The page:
- Carefully tear the top one-third off each pot so no part is exposed to the air after planting the poppy seedlings; the exposed peat or paper will wick moisture away from the plants’ roots.
- Use caution when transplanting poppies in growers' pots to avoid damaging the root balls.
- Insert each poppy into its planting hole and backfill with the excavated soil.
- Tamp gently around the root ball and water thoroughly to settle the soil.
- Cover the soil around the plants with a 2- to 3-inch layer of mulch, pulling it back 4 inches from the plants’ stems.
Caring for Poppies
- Watering: Water poppies regularly, applying approximately 1 inch of water weekly when the soil is dry to a depth of 1 to 2 inches.
- Support Structures: Taller cultivars may need stakes to support the plants in windy locations.
- Fertilizer: While poppies don’t need a lot of fertilizer, side dress after thinning seedlings and before the plants flower with a shovelful or two of compost or 1 to 2 tablespoons of 21-0-0 fertilizer for every 10 feet of each flower row.
- Deadheading: Deadhead the blossoms as they fade to prevent seed pods from forming and self-seeding in the garden.
- Harvesting: Near the end of the growing season, allow a few seed heads to mature and harvest for planting in fall or spring. While the annual poppies die after blooming, the perennials may die back to the ground in the heat of summer. Scatter the seeds of heat-loving annuals over the garden bed to hide the bare soil until the poppies reappear.
- Emery University - Department of English: Lost Poets - In Flanders Fields
- North Carolina Extension Gardener Plant Toolbox: Papaver rhoeas
- North Carolina Extension Gardener Plant Toolbox: Papaver betonicifolium
- North Carolina Extension Gardener Plant Toolbox: Papaver orientale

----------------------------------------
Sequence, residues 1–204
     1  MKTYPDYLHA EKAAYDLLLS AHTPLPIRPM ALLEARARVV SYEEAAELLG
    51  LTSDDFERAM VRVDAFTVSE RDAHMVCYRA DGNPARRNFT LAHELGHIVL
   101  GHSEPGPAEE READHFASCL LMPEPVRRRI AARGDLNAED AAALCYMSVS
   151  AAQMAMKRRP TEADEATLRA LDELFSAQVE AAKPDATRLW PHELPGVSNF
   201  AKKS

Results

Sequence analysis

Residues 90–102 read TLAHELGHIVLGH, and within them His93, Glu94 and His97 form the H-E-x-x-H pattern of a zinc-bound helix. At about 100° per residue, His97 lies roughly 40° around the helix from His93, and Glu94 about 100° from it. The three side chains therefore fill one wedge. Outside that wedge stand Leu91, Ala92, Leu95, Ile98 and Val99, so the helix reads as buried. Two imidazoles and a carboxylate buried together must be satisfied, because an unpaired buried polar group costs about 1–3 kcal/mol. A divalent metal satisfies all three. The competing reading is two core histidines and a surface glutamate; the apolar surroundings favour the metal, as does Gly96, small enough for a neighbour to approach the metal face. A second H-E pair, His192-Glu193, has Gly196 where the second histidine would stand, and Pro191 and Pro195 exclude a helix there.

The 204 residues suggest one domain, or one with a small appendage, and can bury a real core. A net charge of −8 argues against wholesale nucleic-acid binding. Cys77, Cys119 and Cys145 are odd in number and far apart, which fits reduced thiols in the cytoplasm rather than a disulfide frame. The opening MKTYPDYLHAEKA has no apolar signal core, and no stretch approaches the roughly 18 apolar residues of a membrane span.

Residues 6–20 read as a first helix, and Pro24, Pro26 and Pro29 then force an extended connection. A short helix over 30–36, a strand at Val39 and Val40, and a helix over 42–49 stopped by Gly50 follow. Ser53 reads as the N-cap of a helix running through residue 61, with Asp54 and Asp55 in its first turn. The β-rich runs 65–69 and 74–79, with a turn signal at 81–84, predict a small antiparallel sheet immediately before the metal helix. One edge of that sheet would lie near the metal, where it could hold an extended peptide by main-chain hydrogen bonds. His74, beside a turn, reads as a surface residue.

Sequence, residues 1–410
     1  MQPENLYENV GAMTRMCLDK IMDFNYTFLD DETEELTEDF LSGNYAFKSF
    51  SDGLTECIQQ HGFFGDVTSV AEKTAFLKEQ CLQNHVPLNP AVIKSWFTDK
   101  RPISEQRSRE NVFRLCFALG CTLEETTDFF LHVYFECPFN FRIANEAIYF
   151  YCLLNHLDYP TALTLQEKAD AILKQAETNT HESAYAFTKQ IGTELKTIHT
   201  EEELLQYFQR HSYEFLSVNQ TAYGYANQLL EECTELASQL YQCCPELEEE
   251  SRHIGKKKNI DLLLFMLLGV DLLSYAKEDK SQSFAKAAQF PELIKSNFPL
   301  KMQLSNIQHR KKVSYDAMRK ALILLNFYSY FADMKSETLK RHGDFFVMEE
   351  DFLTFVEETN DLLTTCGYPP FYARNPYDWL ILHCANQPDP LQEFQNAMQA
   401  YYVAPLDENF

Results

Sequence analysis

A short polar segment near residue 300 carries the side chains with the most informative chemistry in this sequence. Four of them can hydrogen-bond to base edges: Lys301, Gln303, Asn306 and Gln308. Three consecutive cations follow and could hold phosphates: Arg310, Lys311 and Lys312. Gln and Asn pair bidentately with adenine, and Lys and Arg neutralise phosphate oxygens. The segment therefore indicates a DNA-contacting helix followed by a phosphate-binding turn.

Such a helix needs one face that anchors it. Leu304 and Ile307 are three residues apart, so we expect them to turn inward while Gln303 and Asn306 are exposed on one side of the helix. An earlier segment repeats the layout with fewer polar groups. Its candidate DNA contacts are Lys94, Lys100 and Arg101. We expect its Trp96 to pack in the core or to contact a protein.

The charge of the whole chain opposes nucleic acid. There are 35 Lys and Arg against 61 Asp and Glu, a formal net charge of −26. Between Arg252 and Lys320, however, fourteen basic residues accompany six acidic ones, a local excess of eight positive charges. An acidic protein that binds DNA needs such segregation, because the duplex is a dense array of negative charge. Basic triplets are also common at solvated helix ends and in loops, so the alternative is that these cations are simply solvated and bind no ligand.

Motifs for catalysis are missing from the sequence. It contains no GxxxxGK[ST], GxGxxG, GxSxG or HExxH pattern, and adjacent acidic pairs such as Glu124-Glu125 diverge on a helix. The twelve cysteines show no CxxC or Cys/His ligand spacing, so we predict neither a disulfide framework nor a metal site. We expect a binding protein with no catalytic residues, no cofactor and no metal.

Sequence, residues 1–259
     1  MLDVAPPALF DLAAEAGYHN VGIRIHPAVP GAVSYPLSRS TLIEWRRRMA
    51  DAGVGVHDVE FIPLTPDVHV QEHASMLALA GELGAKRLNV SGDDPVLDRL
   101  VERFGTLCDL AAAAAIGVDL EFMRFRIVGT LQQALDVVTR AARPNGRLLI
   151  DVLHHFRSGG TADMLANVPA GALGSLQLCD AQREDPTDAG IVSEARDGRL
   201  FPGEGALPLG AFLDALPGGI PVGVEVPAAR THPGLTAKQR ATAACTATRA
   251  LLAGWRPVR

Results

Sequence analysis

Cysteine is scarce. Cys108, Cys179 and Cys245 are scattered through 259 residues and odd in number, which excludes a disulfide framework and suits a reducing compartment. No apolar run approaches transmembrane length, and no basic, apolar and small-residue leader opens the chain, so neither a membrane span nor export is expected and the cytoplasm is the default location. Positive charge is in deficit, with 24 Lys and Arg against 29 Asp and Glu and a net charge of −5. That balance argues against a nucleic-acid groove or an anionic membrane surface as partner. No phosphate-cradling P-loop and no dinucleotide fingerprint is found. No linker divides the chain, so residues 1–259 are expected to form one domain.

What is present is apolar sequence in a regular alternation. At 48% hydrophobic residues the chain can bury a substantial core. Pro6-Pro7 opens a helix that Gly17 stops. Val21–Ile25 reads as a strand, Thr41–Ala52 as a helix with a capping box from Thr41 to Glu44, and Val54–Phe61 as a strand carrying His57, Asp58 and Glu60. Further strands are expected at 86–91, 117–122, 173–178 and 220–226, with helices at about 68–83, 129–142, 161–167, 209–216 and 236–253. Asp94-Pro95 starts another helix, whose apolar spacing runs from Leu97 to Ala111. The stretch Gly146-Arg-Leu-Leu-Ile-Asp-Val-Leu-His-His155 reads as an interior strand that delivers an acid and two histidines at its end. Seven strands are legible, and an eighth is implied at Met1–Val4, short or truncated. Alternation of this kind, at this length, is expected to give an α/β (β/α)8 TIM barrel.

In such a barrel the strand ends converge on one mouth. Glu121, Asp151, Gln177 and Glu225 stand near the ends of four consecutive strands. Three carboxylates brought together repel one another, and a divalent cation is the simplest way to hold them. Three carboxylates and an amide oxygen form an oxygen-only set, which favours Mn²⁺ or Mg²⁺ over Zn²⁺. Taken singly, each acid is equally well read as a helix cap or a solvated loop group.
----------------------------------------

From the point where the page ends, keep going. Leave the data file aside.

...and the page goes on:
- North Carolina Extension Gardener Plant Toolbox: Papaver somniferum
- Washington State University Vegetable Research and Extension: Culinary Poppy
- Missouri Botanical Garden: Eschscholzia californica
- Wisconsin Horticulture Division of Extension: Celandine Poppy, Stylophorum diphyllum
- North Carolina Extension Gardener Plant Toolbox: Argemone mexicana
- Utah State University Extension: Seed Poppy in the Garden
- Iowa State University Extension and Outreach: What Would Be a Good Soil Mix for a Raised Bed?
- Illinois Extension: Does Sand Improve Clay Soil Drainage?
Ruth de Jauregui is a connoisseur of America's favorite fruit, the tomato. In addition to growing and consuming these tasty treats, she has written a garden book about 50 fabulous tomatoes and how to grow them. In addition, she has a wide knowledge of fruits and vegetables, how to grow, cook and process the fruits of the gardener's labor. With a cookbook, historical overviews of North America's ghost towns and medical milestones in world history, and two crime-meets-urban-fantasy novels, de Jauregui stays busy whether writing, gardening, cooking or making special dog food for her elderly miniature pinscher. When she lived in the San Francisco East Bay, she also spent her weekends carting her teens to singing gigs and competitions and hockey practices and tournaments, buying and selling used furniture, growing grapes, peaches, citrus and Rainier cherries in her garden, and spinning records at local clubs.